The headmaster of Maudlin Street Secondary Modern School wishes to apply for another job. However, first he must contend with two outside evaluators and a spate of pupil-led pranks…
What’s it spoofing? The education system, specifically the way in which it was changing in the 1950s. Whether or not caning is a good idea gets discussed, for example – it was on the way out, though wouldn’t actually be outlawed until 1987. Another influence must have surely been the successful school-based comedy movies The Belles of St Trinian’s (1954) and Blue Murder at St Trinian’s (1957). Years later, Morrissey name-checked Carry On Teacher’s school in his song Late Night, Maudlin Street.
Funniest moment: The teaching staff get drunk on spiked cups of tea.
The Big 10:
* Joan Sims (2) plays games mistress Sarah Allcock, who’s full of simmering 1950s sexuality.
* Charley Hawtrey (3) appears as Michael Bean, the self-important music teacher.
* Hattie Jacques (3) isn’t a million miles away from her matron character of the last film – here she plays Grace Short, the pro-caning maths teacher.
* Kenneth Connor (3) plays the vague, scatty science master, Gregory Adams. He gets lots of spoonerisms in his dialogue, which Connor deals with brilliantly.
* Kenneth Williams (3) has entertaining bursts of anger as pragmatic literature teacher Edwin Milton.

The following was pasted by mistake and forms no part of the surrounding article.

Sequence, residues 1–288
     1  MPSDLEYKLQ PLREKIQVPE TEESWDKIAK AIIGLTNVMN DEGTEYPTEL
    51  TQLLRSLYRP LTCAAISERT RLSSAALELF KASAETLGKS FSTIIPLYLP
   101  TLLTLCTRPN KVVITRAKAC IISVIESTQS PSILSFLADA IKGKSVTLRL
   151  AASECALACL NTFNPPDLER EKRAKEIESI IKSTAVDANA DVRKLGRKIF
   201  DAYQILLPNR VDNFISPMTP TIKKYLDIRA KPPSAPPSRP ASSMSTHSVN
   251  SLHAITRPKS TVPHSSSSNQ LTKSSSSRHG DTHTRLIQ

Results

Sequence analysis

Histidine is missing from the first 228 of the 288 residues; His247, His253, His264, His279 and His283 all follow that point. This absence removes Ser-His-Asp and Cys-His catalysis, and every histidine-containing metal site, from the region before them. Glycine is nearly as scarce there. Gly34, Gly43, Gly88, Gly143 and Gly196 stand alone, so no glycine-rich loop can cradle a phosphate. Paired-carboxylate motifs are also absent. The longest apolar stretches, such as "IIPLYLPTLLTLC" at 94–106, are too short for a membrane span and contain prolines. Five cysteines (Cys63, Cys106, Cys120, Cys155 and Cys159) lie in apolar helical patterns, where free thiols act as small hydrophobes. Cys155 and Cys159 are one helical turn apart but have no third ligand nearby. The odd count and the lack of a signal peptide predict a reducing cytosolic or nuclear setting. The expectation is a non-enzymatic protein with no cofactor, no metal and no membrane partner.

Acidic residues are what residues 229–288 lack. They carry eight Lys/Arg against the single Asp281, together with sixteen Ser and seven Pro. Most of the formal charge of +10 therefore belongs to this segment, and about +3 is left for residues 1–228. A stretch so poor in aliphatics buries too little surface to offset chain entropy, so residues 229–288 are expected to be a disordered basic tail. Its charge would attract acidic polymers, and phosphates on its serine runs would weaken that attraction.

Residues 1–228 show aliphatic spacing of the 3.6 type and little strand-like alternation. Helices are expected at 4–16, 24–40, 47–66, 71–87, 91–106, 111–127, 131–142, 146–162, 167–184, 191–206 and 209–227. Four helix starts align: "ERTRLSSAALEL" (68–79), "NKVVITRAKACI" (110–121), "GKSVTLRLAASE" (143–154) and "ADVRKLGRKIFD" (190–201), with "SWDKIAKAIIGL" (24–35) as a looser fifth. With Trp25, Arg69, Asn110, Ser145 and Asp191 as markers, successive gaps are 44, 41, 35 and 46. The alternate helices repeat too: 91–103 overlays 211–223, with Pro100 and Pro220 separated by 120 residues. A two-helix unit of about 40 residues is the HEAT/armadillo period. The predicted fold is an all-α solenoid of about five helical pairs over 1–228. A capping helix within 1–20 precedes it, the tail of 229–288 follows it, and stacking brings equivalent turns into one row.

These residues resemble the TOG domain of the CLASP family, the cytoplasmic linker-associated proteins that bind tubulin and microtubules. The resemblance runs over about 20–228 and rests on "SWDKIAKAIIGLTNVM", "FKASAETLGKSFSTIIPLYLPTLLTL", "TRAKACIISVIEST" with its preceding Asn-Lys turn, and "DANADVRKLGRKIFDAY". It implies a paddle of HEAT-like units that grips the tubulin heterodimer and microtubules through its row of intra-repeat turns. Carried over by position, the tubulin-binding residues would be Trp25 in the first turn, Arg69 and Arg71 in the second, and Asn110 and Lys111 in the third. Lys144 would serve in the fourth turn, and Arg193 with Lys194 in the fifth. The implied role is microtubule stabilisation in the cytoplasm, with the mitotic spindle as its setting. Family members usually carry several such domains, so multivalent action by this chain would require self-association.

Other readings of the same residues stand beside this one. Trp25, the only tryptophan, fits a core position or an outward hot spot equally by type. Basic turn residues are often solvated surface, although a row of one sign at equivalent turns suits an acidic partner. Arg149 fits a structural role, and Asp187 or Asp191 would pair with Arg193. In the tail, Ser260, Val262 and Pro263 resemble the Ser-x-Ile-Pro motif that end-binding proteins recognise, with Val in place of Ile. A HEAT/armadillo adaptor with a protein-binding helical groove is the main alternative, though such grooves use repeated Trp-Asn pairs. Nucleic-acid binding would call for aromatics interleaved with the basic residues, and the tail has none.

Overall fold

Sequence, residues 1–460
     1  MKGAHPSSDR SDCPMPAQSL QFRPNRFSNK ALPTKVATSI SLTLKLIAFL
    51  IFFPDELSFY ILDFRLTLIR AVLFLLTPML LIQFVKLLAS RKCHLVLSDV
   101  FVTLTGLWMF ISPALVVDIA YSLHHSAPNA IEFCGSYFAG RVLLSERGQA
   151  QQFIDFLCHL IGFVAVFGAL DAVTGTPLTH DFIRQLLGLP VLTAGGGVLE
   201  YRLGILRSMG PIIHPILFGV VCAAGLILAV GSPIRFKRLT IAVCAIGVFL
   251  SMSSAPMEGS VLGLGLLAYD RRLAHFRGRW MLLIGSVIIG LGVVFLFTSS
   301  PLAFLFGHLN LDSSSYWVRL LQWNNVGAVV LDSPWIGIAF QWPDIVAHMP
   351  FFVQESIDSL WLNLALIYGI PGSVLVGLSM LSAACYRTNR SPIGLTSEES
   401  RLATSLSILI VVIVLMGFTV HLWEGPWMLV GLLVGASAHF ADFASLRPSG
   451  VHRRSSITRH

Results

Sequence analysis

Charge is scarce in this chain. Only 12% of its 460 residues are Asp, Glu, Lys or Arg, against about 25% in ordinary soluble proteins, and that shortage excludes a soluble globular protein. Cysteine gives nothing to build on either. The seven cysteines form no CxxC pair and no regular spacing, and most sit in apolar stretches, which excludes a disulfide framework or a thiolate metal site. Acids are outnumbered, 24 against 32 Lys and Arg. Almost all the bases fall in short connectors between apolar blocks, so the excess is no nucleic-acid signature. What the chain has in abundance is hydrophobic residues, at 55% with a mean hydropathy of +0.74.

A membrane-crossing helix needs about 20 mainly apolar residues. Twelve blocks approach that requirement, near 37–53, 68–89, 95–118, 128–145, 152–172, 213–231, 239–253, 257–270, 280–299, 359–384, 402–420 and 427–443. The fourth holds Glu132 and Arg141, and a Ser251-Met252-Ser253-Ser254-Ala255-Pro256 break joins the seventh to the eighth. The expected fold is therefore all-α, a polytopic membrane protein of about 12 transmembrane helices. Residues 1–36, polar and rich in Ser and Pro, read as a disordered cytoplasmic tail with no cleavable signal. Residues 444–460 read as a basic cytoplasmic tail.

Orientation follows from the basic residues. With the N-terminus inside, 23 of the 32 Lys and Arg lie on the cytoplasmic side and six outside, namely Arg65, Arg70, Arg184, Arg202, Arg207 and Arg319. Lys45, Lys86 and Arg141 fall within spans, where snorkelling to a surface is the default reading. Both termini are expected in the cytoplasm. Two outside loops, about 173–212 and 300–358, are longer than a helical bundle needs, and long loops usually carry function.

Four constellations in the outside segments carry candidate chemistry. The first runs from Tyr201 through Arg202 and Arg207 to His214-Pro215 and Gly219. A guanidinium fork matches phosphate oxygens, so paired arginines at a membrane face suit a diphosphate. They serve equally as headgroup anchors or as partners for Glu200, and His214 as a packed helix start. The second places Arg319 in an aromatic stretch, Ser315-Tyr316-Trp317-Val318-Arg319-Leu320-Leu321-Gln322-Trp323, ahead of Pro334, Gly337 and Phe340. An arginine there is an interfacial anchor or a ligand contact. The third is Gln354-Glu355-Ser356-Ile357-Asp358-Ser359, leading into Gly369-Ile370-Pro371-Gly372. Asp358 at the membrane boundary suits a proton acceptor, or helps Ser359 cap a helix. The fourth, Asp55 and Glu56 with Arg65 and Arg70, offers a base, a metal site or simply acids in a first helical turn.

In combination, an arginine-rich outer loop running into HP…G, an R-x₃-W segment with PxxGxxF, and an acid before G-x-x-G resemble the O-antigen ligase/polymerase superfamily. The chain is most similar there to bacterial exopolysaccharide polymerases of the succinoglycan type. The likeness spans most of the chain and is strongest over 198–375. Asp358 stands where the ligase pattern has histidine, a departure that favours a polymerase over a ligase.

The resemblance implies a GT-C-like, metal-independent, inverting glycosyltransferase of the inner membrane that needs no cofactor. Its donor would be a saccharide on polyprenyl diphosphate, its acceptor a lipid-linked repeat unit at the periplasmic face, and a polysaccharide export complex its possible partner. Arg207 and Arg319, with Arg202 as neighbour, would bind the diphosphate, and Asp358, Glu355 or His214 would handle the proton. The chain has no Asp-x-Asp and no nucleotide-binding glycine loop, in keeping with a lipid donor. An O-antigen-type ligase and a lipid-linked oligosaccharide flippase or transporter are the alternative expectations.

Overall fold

* Ted Ray, a huge radio star of the era, was drafted in to play the film’s lead – headmaster Mr Wakefield. It was intended that Ray become a permanent member of the team, but contractual issues put paid to that after this single appearance.
* Richard O’Sullivan, then just 15, plays the pupil with the most screen time. Robin Stevens is the ringleader of the ‘saboteurs’ (as they’re called in the credits). It’s not the most famous Robin the actor played – 14 years later, he appeared as Robin Tripp in entertaining ITV sitcom Man About The House and its spin-off Robin’s Nest.
* Leslie Phillips returns from Carry On Nurse, here playing child psychologist Alistair Grigg. He says ‘Ding-dong’ and falls instantly in love with Sarah Allcock. The way he says her surname is understated filth.
* Also back from the preceding movie is Rosalind Knight, playing Ministry of Education evaluator Miss Wheeler. She’s attracted to Gregory Adams.
* Jeremy Bulloch (Boba Fett in two Star Wars films) is one of the school kids.
Top totty: Joan Sims wins by default.
Kenneth Williams says: “Started filming Carry On Teacher at Pinewood. Funny feeling. I expected more warmth on set. Everyone seemed a bit withdrawn – nice enough but withdrawn – perhaps it’s just the first day.” – Monday 9 March 1959 (The Kenneth Williams Diaries, p149).
“Pinewood 5, for a party, end of film. Got rather drunk and behaved stupidly with some electrics [sic – does he mean a studio technician?] and said to meet here on Sat. Of course I shall have to be out.” – Tuesday 14 April 1959 (The Kenneth Williams Diaries, p149).
Review: There are decent acting performances in this, rather than the OTT turns of later Carry Ons. There’s also slightly more of a plot than the first two films, yet still loose enough to have an episodic structure. The slapstick is often the funniest stuff. There’s also a serious side concerning a satire of corporal punishment and, like in Carry On Sergeant, a touching, feel-good finale.
Six whistle peas out of 10